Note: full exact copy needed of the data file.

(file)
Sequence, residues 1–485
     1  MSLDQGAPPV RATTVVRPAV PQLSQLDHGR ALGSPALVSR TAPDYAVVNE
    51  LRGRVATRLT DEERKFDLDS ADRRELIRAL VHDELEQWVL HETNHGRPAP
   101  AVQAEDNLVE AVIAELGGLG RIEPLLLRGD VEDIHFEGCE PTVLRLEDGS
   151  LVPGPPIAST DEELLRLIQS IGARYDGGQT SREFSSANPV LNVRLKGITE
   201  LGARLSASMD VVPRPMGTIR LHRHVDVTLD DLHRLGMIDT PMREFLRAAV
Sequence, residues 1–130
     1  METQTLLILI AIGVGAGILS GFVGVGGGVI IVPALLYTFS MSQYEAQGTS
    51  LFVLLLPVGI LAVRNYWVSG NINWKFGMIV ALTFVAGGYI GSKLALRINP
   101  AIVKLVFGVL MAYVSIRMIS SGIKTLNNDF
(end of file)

Sequence, residues 1–485
     1  MSLDQGAPPV RATTVVRPAV PQLSQLDHGR ALGSPALVSR TAPDYAVVNE
    51  LRGRVATRLT DEERKFDLDS ADRRELIRAL VHDELEQWVL HETNHGRPAP
   101  AVQAEDNLVE AVIAELGGLG RIEPLLLRGD VEDIHFEGCE PTVLRLEDGS
   151  LVPGPPIAST DEELLRLIQS IGARYDGGQT SREFSSANPV LNVRLKGITE
   201  LGARLSASMD VVPRPMGTIR LHRHVDVTLD DLHRLGMIDT PMREFLRAAV
Sequence, residues 1–130
     1  METQTLLILI AIGVGAGILS GFVGVGGGVI IVPALLYTFS MSQYEAQGTS
    51  LFVLLLPVGI LAVRNYWVSG NINWKFGMIV ALTFVAGGYI GSKLALRINP
   101  AIVKLVFGVL MAYVSIRMIS SGIKTLNNDF